Lisa Lockwood used to think that house fires happened to other people. That was before Jan. 25, 2013.
On that day, a wood fireplace insert installed the year before shot flames up the flue, catching the attic on fire. It spread quickly to the rest of her northern Baltimore County home, leaving only a burning pile of rubble.
Lockwood's daughter, Erin, who was alone in the house when the fire happened, was unharmed. She ran into the street, and once at a safe distance, watched every possession the Lockwood family owned consumed by the flames. Physically, she was fine. Emotionally, she was traumatized.
Lisa Lockwood knew what had to be done, and as soon as possible. The spacious house, into which the family moved in 2000, would have to be rebuilt — this time, however, with changes.
"It was so devastating for [Erin, and her brother, Neil] that I had to make the house look different," she said. "Even though we essentially built the same house with the same footings, we rearranged the upstairs bedrooms and changed the colors. It totally looks different now."
Lockwood settled with the insurance company for rebuilding in September 2013 (the settlement for the home's content was finished the following September.)
"Lawrence Goodman of Goodman-Gable-Gould [Adjusters International] settled the loss for me," she said. "I could not have built this house without him. Dealing with the insurance company is not easy, and you can't do it alone."
Lockwood then hired Kim Cavanaugh of Cavanaugh Homes Inc. to rebuild her home, and by May 2014, the 3,100-square-foot house was ready.
During the building, Cavanaugh and Lockwood created the second floor's three new bedrooms with connecting bathrooms. They also turned the first-level walnut staircase with gracefully executed spindles and rails to face the back of the house, as opposed to its previous location at the front entrance. They added a sunroom along with the kitchen and family room.
Nine-foot ceilings and a skylight ensure plenty of natural light. Walnut flooring was laid throughout the home.
Lockwood's taste in interior decor has remained the same as in the former house. She is influenced by the Colonial style, and her furniture pieces are either cherry wood or mahogany. The look is solidly traditional. The majority of Lockwood's furniture, she said, was bought at Cornerstone in Timonium, which deals in antiques, consignments and new furniture.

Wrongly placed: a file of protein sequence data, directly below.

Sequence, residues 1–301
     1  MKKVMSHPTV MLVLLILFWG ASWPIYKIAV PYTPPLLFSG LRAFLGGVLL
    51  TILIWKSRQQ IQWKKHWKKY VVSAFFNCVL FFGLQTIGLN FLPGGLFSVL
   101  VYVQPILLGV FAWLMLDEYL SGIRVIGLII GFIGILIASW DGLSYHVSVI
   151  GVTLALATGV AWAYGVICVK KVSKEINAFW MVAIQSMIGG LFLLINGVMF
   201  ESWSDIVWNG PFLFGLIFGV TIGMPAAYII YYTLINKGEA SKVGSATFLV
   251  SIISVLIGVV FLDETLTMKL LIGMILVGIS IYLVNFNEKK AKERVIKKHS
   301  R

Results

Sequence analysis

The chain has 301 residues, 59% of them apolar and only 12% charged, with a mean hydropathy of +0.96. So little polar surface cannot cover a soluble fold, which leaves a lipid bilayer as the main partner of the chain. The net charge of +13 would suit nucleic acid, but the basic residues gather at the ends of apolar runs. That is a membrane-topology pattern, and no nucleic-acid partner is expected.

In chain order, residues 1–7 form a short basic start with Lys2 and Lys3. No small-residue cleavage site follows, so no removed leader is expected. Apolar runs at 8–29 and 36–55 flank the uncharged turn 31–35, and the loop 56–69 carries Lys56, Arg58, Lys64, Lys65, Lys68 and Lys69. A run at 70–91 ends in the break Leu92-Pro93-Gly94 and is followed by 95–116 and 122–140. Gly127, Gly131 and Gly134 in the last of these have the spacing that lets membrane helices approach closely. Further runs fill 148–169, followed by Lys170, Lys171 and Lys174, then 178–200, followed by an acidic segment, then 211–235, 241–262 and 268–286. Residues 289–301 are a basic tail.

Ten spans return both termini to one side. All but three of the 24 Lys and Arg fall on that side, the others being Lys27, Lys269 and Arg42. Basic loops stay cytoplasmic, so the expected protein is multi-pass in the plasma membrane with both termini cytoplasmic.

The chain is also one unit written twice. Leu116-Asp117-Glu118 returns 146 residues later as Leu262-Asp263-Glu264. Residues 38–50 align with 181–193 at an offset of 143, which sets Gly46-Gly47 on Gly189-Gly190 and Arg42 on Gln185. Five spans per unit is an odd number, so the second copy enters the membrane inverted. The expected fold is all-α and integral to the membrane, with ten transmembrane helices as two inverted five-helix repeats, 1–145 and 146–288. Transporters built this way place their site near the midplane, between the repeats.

Fond of Henkel Harris furniture, she purchased from the brand a sleigh-style bed, two dressers and a mirror for her bedroom. Lockwood's formal living room features a Henkel Harris coffee table and a lowboy, while a drop-down desk and coffee table are found in the adjacent family room.
The formal dining room, across the main hall from the living room, is a study in Georgian furniture design. Again, it features a Henkel Harris mahogany suite, this one including a 10-foot long, double-pedestal table that dominates the room. White wood paneling below a chair rail meets walls above painted blue-gray.
A pewter, candle-style chandelier hangs over the table from a ceiling medallion. A buffet and folding side piece sit at the head of the dining table and beside it, respectively, while a lighted china closet commands its own wall space. Inside, Limoges china is displayed alongside gleaming Waterford crystal. Formal drapes with lush swags and full panels are a Calico Corners design, as are many of the upholstered chairs.
A grandfather clock in the hall, a Charles Sligh creation, announces the hour, half-hour and quarter-hour with calming assurance to the tune of "Westminster Chimes."
Framed photographs of Erin, now 28, and Neil, 24, at various stages of their lives are found on the walls and tables throughout the home. The originals, taken before the invention of digital photography, were lost in the fire, but Lockwood's mother provided her with several that were taken over the years. Lockwood's mother also gave back the blue quilt now displayed in the master bedroom. It was gift from Lockwood, an avid quilter, many years ago. But because all of her quilts were destroyed, Lockwood's mother wanted her to have at least one of her original works.
As experience has taught her, Lockwood encourages escape ladders in all bedrooms and strongly recommends that people "have all important documents and their pictures scanned and backed up on a thumb drive in a fireproof safe."
But even with those items gone, she still enjoys her re-created home and is pleased with how things turned out.
From the open kitchen with cherry cabinetry, granite countertops and stainless-steel appliances, Lockwood can gaze out at her new Trex composite wood deck and 2 acres of property. Outside on the deck, she can look down and enjoy her oval-shaped koi pond below.
"This house has everything I could ever want or imagine; it is energy-efficient and beautiful," Lockwood said. "So many people helped me with the design — friends and family all had an input."
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